Iran General NewsJust when it's needed, Russia's not there

Just when it’s needed, Russia’s not there


New York Times: Probably not since World War II had there been such a high-water mark in Russian cooperation with America. Within weeks of Sept. 11, 2001, President Vladimir V. Putin offered sweeping support for American operations in Afghanistan, including help in securing bases in Central Asian countries. The New York Times


WASHINGTON – PROBABLY not since World War II had there been such a high-water mark in Russian cooperation with America. Within weeks of Sept. 11, 2001, President Vladimir V. Putin offered sweeping support for American operations in Afghanistan, including help in securing bases in Central Asian countries.

The Bush administration, in turn, built high hopes for more Russian cooperation — on strengthening ties with countries in Moscow’s old sphere of influence, thwarting the nuclear ambitions of Iran and North Korea, on guaranteeing energy supplies and much more.

Today — just when Russian cooperation has become vital on Iran — Mr. Putin’s post-9/11 statements seem like a curio from another time. And so do America’s hopes.

While Russia has re-established the confidence to go its own way, both Secretary of State Condoleezza Rice and Vice President Dick Cheney are said to be leading a major reassessment of what to do in response. In meetings with outside experts, they have begun asking how much the administration can expect of the Kremlin, and what it can do to change Russian behavior.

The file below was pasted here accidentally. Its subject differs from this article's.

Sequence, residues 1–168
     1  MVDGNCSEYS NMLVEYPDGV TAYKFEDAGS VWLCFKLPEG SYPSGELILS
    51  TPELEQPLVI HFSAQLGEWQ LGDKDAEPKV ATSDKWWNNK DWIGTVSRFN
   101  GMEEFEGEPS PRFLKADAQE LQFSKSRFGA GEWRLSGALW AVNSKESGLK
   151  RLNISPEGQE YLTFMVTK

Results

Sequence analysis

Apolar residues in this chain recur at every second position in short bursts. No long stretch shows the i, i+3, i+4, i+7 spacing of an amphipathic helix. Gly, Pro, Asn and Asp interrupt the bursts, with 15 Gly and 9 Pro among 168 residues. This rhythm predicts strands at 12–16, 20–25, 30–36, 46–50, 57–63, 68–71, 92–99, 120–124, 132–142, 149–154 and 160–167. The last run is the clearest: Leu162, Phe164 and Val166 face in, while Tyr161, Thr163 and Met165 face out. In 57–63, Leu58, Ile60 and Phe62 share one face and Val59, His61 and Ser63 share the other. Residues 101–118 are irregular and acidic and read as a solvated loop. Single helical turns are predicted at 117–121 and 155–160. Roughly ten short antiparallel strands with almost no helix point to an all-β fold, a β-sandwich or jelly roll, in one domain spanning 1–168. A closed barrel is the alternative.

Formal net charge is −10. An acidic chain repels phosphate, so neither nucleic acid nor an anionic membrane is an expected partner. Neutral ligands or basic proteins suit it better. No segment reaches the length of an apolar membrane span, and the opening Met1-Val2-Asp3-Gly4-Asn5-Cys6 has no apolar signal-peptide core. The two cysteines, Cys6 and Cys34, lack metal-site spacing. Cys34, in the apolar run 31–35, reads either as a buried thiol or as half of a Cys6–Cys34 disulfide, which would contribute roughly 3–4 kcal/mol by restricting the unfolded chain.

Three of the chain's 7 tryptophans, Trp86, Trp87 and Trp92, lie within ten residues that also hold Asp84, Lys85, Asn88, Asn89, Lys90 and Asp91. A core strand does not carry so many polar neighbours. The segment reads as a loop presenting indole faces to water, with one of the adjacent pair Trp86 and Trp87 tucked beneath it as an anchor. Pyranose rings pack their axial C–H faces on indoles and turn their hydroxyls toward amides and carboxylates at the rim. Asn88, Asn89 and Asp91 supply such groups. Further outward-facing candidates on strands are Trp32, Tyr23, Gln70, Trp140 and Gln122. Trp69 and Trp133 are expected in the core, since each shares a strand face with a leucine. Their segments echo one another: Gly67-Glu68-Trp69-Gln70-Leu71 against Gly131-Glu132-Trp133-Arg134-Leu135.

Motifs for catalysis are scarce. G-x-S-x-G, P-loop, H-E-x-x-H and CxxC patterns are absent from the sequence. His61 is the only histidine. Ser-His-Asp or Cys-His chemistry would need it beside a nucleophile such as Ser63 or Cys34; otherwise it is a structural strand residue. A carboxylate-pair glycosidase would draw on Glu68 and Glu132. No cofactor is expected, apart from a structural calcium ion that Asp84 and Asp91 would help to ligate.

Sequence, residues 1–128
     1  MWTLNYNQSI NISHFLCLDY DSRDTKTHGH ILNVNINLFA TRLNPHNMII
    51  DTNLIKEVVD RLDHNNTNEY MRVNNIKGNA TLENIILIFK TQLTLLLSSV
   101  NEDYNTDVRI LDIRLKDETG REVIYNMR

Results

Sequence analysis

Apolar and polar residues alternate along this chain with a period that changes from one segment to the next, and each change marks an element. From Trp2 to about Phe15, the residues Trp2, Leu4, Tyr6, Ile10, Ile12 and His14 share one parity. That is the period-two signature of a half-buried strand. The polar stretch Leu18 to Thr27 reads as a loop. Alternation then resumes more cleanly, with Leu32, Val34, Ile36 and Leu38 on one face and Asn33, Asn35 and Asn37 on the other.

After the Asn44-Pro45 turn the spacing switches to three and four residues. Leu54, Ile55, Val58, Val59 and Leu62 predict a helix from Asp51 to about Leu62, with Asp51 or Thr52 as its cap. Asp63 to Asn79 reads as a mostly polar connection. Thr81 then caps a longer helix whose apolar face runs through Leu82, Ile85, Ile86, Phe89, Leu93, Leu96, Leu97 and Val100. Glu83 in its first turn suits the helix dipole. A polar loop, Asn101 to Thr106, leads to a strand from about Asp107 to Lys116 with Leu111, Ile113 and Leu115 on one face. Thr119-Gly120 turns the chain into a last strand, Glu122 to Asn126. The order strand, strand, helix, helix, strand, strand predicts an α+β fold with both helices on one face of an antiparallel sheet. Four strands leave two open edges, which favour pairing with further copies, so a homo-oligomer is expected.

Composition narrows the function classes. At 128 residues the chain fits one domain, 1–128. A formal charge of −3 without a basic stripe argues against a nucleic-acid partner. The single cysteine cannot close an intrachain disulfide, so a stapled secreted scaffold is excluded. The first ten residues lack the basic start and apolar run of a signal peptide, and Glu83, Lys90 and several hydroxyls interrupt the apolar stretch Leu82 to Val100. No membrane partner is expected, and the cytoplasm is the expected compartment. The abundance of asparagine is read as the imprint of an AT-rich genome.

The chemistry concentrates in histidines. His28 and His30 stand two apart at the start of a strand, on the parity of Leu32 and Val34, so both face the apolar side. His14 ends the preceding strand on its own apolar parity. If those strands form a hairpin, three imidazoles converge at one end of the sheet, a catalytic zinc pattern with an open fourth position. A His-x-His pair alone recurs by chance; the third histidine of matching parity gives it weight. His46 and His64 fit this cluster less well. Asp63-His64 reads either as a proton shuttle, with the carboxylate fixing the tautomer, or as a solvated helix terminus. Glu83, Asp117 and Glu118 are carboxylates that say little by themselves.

The answer to both questions appears to be: Not much. A more assertive Russia is back.

The most recent complaints about Russia are that it blocked a strong United Nations Security Council move against Iran, and has reached out to Hamas while most of the West is turning its back.

In addition, the days of the United States’ being welcome to set up shop in the old Soviet empire are gone; Mr. Putin’s government is working with Central Asian countries to push American forces out. It has placed new curbs on Western investment in energy. Worse, it has used its spigot on piped natural gas as a club to reward allies (like Belarus) and punish less obedient countries (like Ukraine).

President Bush’s top aides have come to dread what Mr. Putin might do when he plays host to the summit of leading industrial nations in St. Petersburg in July. He could turn it into a grand celebration of Russia’s new determination to pursue its own interests, whether his guests like it or not. He has already vented frustration over what he sees as American-led efforts to deny Russia its security interests, and to block its accession to the World Trade Organization.

“They know it’s not the relationship with Russia that they wanted,” said Stephen Sestanovich, a top Russia policy maker in the Clinton administration and now a fellow at the Council on Foreign Relations who has attended meetings with Ms. Rice and Mr. Cheney. He and other participants report that the administration is unsure how to proceed.

“While there might be some personal remnants of a good a personal relationship between Putin and Bush, they don’t think that’s the key,” Mr. Sestanovich said. “They’re hoping for residual cooperation on Iran, counterterrorism and maybe energy. Beyond that, they don’t see very much.”

Perhaps the most emotional breach has been over Mr. Putin’s crackdown on dissent, the jailing of a major industrialist and restrictions on political parties and the media. The United States sees a slide into authoritarianism; Mr. Putin explains those steps as correctives from a time of plunder and corruption under his predecessor, Boris N. Yeltsin.